So You Want to be a Real Estate Appraiser

As webmaster for the American Society of Appraisers’ New York City, New Jersey, and Philadelphia Chapters, I see a lot of mail from aspiring real estate appraisers looking for advice about income potential, courses, requirements, and sponsors. What I see there is echoed on my public service Real Estate Forum of New York and in the inquiries fielded by the real estate appraisers whose websites I built and maintain.

Oversubscribed Field. The long and the short of it is that there are a great many folks who think they’d like to be appraisers — some right out of school, many tiring of real estate sales, some looking for a “retirement” career in a field dominated by sole practitioners. But there aren’t many openings. Or to put it more bluntly, despite glowingly optimistic pitches by real estate schools, there is a glut of real estate appraisers nationwide.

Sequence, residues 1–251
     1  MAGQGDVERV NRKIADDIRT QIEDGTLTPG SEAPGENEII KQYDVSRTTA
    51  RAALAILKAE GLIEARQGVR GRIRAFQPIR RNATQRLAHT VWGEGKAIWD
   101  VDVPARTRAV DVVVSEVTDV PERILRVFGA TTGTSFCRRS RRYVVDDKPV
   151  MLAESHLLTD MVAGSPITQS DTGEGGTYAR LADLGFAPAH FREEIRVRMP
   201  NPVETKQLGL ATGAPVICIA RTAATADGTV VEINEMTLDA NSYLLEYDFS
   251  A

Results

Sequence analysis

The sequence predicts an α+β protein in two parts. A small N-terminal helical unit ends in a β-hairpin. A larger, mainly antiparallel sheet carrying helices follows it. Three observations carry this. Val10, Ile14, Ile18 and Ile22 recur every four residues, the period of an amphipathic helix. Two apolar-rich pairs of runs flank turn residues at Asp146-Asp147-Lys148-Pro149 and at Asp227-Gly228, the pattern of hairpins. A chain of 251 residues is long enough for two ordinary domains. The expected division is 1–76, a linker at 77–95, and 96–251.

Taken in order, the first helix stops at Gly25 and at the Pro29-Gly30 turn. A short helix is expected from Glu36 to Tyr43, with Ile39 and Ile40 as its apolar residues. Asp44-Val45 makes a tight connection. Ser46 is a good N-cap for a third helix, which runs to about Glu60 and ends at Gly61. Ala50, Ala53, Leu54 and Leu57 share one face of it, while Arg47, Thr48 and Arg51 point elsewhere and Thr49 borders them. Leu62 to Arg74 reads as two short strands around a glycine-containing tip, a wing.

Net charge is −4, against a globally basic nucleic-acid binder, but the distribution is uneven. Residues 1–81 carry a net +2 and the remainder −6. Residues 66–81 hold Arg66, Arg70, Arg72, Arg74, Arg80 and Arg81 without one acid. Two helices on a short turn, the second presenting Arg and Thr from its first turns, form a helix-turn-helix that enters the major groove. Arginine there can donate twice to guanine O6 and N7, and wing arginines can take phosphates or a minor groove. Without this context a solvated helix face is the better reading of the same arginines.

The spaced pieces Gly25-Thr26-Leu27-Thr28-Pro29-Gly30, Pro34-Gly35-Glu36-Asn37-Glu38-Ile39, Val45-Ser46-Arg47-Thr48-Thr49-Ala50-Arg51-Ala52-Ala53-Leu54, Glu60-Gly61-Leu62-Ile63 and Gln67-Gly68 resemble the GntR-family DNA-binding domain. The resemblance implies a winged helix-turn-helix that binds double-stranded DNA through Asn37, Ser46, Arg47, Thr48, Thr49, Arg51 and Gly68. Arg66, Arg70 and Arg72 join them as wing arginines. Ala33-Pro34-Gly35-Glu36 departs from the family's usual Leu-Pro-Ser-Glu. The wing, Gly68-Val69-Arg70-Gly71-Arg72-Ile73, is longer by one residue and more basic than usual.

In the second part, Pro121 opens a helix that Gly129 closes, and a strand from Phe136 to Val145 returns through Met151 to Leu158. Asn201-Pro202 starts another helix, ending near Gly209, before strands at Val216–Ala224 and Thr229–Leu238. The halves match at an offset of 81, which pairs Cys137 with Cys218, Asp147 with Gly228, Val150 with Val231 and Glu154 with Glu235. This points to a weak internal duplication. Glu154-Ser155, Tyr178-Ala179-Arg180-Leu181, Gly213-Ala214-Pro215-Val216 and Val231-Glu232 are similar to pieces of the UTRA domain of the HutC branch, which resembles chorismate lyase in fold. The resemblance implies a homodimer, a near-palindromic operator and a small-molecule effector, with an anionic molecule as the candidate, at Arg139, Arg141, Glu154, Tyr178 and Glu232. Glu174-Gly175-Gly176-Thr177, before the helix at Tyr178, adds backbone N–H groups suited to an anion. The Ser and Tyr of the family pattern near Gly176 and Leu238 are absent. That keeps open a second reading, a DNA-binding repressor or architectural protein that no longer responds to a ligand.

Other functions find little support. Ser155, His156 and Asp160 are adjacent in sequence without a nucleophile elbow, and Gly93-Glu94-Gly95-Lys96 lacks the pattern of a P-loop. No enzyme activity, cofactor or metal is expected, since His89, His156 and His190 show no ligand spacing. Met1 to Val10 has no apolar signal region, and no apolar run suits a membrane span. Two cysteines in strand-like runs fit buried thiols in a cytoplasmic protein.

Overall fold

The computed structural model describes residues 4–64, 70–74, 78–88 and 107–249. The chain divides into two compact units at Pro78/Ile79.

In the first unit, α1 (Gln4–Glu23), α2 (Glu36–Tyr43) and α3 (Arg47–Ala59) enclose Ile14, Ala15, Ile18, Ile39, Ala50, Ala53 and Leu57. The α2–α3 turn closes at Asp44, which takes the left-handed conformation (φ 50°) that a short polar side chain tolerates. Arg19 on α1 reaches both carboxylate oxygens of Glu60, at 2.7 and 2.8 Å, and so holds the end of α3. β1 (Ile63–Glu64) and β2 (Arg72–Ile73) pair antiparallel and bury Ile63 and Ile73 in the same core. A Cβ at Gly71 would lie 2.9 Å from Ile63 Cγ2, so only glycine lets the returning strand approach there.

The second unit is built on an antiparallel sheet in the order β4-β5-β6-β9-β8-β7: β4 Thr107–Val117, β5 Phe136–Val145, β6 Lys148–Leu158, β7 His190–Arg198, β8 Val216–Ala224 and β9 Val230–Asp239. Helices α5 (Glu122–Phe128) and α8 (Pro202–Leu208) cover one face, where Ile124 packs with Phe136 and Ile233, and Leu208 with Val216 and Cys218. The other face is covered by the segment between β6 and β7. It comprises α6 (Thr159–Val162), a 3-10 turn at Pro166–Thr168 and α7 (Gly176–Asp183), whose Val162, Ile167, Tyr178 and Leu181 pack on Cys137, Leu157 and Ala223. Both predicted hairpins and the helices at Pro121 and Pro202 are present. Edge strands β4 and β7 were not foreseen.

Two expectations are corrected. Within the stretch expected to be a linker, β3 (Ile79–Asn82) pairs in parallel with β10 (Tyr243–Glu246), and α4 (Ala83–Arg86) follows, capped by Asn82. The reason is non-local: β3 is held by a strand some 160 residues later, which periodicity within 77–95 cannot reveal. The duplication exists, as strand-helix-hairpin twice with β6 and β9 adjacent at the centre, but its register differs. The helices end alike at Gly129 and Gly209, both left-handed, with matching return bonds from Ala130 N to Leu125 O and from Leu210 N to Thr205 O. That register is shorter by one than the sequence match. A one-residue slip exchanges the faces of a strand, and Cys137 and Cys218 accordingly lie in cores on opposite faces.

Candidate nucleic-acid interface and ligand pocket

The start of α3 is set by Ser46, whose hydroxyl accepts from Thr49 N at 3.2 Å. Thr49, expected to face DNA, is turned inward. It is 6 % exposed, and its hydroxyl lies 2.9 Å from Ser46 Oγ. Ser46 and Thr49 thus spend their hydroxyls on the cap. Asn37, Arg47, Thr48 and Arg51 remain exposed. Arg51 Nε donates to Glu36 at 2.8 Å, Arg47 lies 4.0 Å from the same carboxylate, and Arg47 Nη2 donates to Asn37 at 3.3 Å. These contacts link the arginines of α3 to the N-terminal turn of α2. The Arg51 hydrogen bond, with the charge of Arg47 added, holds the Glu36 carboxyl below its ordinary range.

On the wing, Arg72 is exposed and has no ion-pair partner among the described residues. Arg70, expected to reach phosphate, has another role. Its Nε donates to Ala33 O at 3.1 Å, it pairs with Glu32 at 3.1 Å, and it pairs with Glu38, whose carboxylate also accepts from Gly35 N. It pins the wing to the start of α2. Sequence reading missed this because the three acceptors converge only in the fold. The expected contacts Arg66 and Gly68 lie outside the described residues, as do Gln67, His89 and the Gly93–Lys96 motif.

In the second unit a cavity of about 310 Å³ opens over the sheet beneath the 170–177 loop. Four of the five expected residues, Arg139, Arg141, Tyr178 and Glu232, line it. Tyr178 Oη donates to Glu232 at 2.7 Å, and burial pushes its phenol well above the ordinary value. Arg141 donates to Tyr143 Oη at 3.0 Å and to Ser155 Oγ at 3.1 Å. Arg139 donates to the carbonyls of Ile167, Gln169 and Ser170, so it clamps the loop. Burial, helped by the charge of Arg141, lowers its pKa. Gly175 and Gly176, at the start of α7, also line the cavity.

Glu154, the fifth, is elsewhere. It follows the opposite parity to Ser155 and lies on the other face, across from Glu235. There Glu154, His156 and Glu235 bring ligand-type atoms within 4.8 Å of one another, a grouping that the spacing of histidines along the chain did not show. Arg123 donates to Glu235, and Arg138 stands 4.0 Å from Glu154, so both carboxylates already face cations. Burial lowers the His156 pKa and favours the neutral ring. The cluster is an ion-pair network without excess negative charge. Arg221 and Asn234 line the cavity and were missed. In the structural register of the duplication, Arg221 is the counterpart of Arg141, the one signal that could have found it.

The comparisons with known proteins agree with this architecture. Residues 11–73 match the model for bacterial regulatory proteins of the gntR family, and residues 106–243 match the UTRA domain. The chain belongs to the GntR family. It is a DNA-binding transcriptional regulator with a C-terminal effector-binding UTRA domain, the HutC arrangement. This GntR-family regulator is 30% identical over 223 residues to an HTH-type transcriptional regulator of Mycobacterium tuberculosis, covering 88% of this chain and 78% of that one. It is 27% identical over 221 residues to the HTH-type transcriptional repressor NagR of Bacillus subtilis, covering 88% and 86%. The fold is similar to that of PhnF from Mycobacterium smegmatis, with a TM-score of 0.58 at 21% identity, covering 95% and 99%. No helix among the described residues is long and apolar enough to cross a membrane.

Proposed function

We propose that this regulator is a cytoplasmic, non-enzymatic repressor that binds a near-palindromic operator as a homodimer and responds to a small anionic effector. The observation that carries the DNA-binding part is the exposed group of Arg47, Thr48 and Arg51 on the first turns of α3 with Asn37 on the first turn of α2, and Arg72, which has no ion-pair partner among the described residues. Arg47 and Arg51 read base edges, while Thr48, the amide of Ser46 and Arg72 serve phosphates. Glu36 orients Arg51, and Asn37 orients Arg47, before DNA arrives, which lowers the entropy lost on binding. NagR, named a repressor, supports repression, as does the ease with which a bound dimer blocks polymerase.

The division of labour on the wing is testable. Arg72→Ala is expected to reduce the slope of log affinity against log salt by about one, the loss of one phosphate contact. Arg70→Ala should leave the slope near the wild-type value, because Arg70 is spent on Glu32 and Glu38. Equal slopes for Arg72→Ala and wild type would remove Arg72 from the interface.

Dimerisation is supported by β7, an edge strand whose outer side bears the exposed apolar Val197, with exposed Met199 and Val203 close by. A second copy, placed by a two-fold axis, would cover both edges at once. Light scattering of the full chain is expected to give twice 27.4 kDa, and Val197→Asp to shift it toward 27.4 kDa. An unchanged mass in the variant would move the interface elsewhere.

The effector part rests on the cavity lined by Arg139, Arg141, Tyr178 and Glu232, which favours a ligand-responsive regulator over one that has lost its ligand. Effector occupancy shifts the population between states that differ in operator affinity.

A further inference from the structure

Old Appraisers Just Keep on Trucking. The glut has nothing to do with the elusive “real estate bubble.” What it’s about is technology, technology, technology. The first technology is medical technology. Real estate appraisers, like everyone else, are living longer because of advances in medicine. And, because the work isn’t physically taxing, they don’t retire until they hear the peals of Time. When you’re self-employed and earning a modest to middling income, early retirement is usually not an option.